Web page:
GPs told to prescribe self-help books to sick

A PIONEERING scheme in which GPs prescribe self-help books to people with mental health problems is being rolled out across East Sussex after it proved a success here in Hastings.

East Sussex County Council has trialled the new approach across 1066 Country in recent weeks and, according to the local authority, the feedback has been encouraging enough to warrant casting the net county-wide.

Under the scheme, patients seeking treatment for common mental health complaints, such as panic attacks, phobias, depression and anxiety, will be prescribed a specific book dealing with their problem.

They will then be able to take the prescription down to the local library and borrow the book - with the idea being it will help compliment more traditional treatments.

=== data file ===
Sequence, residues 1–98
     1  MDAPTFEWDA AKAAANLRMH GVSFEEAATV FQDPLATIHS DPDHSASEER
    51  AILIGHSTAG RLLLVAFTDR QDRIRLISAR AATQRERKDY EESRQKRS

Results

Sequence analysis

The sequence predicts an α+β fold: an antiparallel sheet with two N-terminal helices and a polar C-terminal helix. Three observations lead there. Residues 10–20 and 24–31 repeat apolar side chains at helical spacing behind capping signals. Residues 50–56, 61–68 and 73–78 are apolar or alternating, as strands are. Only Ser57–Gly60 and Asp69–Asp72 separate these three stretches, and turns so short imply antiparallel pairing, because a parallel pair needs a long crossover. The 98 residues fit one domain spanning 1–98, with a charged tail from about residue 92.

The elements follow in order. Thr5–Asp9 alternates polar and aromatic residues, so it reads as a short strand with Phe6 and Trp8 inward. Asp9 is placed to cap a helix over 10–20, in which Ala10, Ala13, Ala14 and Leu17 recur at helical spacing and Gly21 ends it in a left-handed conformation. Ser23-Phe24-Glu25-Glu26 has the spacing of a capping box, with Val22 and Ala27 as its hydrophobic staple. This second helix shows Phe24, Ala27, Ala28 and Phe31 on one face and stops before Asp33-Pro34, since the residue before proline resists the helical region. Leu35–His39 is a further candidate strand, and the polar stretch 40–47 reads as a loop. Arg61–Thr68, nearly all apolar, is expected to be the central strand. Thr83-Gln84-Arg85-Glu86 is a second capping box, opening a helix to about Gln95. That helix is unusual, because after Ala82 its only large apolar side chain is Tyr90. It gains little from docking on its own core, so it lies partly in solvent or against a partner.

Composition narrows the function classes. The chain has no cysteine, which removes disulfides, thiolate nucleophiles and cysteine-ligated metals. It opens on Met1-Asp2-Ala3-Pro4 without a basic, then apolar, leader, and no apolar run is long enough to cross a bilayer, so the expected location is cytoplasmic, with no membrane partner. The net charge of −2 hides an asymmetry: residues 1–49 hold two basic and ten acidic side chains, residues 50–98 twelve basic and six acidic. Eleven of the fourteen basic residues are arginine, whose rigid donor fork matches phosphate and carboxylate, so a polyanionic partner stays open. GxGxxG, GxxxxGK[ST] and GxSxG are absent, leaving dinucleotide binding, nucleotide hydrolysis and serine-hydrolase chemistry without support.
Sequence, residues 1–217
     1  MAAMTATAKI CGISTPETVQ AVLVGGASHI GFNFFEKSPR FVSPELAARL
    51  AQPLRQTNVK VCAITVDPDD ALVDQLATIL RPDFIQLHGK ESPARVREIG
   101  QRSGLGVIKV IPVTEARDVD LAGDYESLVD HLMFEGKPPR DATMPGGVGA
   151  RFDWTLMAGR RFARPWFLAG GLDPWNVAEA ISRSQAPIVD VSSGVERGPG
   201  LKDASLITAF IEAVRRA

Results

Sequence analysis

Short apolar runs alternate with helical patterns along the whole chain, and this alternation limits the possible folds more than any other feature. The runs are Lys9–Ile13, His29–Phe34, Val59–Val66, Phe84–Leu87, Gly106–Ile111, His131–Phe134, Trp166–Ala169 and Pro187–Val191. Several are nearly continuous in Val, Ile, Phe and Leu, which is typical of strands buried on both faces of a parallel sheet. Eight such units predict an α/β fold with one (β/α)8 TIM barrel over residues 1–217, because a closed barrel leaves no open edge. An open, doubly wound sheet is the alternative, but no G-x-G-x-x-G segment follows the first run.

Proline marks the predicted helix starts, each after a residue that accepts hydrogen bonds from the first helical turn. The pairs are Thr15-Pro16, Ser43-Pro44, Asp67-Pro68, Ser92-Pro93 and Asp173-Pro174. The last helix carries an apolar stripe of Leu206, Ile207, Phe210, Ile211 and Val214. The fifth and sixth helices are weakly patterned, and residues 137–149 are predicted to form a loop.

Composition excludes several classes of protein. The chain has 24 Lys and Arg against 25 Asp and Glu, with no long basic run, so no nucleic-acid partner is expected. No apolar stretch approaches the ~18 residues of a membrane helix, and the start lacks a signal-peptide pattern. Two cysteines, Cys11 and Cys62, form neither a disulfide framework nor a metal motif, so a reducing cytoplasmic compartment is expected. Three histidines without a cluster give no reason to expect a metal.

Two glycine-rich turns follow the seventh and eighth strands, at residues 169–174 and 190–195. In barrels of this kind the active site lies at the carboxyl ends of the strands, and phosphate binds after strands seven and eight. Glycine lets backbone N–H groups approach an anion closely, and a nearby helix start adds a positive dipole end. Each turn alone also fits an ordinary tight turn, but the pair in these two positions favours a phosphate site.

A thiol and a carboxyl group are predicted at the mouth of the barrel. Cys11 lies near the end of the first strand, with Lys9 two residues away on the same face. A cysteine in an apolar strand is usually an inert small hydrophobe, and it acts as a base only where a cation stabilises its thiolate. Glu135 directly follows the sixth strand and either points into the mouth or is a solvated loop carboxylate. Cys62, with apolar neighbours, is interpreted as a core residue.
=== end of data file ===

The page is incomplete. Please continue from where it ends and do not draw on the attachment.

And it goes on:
Su Barnicoat, who works for the Claremont-based mental health charity Active 8, welcomed the new approach.

She said: “Anything in addition to what GPs should be providing is always good.

“We have a whole shelf full of them (self-help books) and they are popular and people take a lot of comfort from them.

“This sort of thing won’t ever be a replacement for support but it certainly does not hurt and in many cases can help.

“It is encouraging to see people looking at ways of treating mental illness with a fresh approach.”

Hastings has among the highest levels of locals with mental health issues of any town in the south east, with the most recent figures showing 2,475 people in receipt of related benefits.

That gives the town an above average rate of nearly 50 people in every 1,000 claiming mental health related benefits. The national average is just 27.6

And, according to Councillor Tony Freebody, head of community services at the county council, any new way of helping those sufferers should be welcomed.

He said: “Books really can help - there is first-class clinical evidence to show that books can be just as effective as other forms of therapy – with no side-effects.

“The books are free to borrow, and you can keep them for three weeks, and easily renew if you need more time.”

The county council has also published a list of recommended self-help books on its website ( Alternatively, Observer readers can call 01273 335383.